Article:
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OCAU News
Monday Afternoon (8 Comments) (link)
 Monday, 8-November-2010  14:02:18 (GMT +10) - by Agg

Microsoft's Kinect is well and truly in the wild now, with more coverage on DigitalTrends, GamingNexus and Techgage. Kinect of course is the "jump around the room" gaming control system, and when you point an IR camera at it, or rather at a room Kinect is observing, it's interesting to see how it tracks players. Unsurprisingly it has claimed a TV already, and it nearly went to Apple first. There's also a US $2000 bounty for open-source Kinect drivers.

Optus have been prevented from advertising its broadband the way it has been doing recently. As a result, Justice Nye Perram yesterday placed an injunction on Optus, preventing the telco from engaging in similar advertising campaigns for a period of three years. He also ordered Optus to pay all of the Australian Competition and Consumer Commission's (ACCC's) court costs.

Logitech have a solar keyboard. With an ultra-slim 1/3-inch profile and a full slate of laptop-style chiclet keys, the Logitech Wireless Solar Keyboard K750 isn't your average rack of buttons to begin with, but the ambient light solar panels installed on the top of either side should mean you'll never need to plug it in to recharge.

Nvidia have a GTX 580 DX11 Tech Demo called "Endless City". So while you enjoy a leisurely glide through the city, the NVIDIA® GeForce® powering your flight will be churning through over 600 million polygons per second. Better yet, there will still be enough power to keep the lights running . . . hundreds of thousands of them, all lighting the scene dynamically.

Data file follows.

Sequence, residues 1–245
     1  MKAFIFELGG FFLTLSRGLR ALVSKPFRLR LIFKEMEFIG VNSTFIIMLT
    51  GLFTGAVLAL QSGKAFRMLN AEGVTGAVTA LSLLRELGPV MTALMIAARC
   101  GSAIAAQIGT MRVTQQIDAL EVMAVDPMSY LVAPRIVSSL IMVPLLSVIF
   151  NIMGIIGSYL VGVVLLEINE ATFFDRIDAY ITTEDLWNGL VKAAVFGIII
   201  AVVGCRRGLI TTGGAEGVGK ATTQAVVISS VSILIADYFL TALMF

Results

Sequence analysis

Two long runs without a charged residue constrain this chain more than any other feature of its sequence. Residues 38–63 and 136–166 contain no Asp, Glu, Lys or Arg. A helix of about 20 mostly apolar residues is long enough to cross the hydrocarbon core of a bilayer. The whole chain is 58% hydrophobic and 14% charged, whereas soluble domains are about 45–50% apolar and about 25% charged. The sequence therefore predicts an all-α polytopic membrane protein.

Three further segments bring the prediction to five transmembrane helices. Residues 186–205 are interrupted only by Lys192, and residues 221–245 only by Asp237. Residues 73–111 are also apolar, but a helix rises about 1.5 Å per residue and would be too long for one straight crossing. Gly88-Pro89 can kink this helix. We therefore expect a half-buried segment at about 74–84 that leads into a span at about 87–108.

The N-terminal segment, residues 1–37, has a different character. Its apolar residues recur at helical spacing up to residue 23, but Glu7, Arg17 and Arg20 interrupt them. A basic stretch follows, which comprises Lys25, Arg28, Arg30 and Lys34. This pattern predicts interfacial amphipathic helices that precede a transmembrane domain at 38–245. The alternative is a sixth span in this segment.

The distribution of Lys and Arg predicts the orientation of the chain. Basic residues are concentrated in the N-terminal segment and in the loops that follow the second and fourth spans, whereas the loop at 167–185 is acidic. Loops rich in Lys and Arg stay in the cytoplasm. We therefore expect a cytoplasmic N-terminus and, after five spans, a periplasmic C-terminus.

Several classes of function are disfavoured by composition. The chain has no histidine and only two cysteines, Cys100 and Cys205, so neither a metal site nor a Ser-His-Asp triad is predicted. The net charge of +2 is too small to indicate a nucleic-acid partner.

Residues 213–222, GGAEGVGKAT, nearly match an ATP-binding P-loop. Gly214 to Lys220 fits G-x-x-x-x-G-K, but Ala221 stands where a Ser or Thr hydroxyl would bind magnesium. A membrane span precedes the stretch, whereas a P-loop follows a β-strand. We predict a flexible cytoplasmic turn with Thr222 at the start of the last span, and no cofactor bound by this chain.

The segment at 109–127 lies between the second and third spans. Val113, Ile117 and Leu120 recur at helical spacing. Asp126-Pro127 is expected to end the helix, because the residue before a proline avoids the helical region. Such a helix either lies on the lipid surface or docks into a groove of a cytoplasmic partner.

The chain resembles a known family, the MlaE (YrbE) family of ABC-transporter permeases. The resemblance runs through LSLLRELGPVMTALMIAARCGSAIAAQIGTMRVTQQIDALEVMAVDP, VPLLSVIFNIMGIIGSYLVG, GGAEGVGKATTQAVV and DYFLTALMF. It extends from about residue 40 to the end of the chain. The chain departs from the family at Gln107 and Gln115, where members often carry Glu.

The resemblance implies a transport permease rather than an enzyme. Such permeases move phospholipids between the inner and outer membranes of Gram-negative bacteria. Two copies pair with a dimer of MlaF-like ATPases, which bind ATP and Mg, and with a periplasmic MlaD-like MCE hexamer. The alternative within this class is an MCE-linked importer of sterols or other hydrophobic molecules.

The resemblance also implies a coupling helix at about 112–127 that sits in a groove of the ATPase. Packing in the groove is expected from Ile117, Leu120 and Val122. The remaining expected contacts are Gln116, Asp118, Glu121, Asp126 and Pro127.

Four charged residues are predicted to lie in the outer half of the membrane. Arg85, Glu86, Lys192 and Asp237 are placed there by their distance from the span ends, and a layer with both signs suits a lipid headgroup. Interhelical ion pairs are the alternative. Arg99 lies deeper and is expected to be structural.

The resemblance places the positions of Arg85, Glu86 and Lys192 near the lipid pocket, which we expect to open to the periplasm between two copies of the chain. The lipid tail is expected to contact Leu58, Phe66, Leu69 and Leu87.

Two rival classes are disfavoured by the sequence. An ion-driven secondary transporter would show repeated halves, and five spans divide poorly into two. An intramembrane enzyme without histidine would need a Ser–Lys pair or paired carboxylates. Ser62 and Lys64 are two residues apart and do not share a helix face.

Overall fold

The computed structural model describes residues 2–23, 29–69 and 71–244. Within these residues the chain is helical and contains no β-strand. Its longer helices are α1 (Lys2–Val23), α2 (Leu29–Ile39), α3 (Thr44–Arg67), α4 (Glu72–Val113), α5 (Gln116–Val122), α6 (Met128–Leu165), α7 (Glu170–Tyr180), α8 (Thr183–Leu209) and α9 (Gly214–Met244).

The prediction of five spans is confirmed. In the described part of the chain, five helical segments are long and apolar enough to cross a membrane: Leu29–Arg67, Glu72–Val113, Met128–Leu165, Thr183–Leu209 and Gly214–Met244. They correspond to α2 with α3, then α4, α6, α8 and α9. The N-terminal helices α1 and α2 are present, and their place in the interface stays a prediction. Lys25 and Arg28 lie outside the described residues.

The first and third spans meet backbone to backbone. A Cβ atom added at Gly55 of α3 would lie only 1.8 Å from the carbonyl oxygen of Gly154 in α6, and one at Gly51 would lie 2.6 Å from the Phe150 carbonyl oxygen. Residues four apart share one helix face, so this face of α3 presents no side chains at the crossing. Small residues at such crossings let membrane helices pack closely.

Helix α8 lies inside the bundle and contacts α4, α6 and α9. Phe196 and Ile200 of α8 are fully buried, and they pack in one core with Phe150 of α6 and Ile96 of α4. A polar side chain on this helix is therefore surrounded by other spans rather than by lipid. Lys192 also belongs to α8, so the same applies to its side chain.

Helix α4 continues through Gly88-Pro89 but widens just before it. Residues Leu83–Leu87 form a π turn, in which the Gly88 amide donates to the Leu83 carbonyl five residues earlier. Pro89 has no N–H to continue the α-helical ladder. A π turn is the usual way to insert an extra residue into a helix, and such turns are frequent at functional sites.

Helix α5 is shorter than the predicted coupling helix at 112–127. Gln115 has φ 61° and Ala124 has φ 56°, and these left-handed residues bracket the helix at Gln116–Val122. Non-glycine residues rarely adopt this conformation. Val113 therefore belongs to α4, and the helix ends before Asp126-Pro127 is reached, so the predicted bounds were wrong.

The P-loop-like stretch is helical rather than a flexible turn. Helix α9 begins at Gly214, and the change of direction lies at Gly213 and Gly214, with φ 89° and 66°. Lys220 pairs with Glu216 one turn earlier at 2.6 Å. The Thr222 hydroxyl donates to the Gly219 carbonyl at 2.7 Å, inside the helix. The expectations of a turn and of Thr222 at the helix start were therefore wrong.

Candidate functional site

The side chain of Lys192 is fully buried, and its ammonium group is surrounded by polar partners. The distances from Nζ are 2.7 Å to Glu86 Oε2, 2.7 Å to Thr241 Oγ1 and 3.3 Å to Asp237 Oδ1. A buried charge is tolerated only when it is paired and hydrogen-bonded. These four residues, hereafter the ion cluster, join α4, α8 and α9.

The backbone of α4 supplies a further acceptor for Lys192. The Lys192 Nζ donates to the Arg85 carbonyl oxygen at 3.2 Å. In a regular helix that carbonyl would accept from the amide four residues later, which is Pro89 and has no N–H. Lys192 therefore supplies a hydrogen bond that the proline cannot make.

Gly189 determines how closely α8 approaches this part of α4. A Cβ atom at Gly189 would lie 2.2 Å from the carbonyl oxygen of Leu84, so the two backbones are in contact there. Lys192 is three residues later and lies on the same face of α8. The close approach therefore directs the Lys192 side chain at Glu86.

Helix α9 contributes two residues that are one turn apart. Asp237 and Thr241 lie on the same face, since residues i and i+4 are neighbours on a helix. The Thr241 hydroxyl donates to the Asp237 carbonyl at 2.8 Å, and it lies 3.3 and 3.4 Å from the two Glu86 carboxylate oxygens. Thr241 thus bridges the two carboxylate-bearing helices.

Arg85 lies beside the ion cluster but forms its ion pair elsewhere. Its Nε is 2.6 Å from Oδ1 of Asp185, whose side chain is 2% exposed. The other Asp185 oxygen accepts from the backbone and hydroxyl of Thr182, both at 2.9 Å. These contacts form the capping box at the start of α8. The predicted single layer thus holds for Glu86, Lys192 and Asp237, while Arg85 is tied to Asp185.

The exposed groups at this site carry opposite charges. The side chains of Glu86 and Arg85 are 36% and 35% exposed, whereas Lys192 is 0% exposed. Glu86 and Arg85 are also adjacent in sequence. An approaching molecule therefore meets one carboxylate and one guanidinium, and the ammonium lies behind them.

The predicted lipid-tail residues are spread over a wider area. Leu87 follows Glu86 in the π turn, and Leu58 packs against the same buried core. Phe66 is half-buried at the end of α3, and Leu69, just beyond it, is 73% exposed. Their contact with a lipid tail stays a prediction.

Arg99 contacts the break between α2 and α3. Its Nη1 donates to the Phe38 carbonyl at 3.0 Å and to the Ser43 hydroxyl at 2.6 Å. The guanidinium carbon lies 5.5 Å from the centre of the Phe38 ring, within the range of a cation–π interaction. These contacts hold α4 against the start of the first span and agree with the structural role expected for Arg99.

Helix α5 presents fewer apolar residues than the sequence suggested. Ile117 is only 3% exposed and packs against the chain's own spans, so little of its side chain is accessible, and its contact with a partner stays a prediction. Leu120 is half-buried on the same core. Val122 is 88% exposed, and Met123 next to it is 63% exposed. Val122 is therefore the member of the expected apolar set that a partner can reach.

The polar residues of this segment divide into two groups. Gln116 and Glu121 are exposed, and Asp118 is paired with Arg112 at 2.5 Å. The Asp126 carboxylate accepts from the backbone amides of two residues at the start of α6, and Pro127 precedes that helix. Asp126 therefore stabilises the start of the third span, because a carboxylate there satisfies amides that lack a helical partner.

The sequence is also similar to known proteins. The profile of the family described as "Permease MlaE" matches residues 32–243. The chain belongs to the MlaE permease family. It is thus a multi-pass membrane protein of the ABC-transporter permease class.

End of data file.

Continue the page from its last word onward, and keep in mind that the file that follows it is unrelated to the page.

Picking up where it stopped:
XbitLabs ponder whether you're better off upgrading to an SSD, or 8GB of RAM. Imagine a computer with a fast processor, perhaps even a flagship CPU model, and a top-performance graphics subsystem that easily copes with any load. Suppose the owner of such a dream PC has got some money to spend and wants to keep on upgrading his configuration. What should he pay attention to in the first place?

The New York Times went inside Microsoft's Piracy War Room. The police reached the house undetected, barreled in and found rooms crammed with about 50 machines used to copy CDs and make counterfeit versions of software like Microsoft Office and Xbox video games. They arrested three men on the spot, who were later released while the authorities investigate the case. “The entire operation was very complicated and risky,” says a person close to the investigation, who demanded anonymity out of fear for his life.

We're a little late hearing about this, but Google have an AI Challenge underway, with submissions closing on the 27th November. The objective is to create a computer program that plays the game of Planet Wars as intelligently as possible. It is recommended that you use one of the starter packages as a starting point.

Here's a strange one: a bank's website offering different loans to different browsers. I tried to use their little payment calculator but the flash based widget wouldn't work properly in the Firefox Beta so I loaded up Safari to try and funny enough the rate offered was 2.7%. I checked in Chrome and Opera to see if it was maybe just something wrong with the Firefox beta and Chrome's rate was 2.3% while Opera's was 3.1%. Discussion on slashdot.

It seems the military are relying on Google Maps a little too much. A Nicaraguan military commander recently invaded Costa Rican territory and ordered troops to take down a Costa Rican flag and replace it with Nicaragua’s. Was this the work of a brash commander, going rogue on his superiors? A new policy of Nicaraguan imperialism? Neither. The incident was caused by an error in Google Maps.



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All original content copyright James Rolfe. All rights reserved. No reproduction allowed without written permission.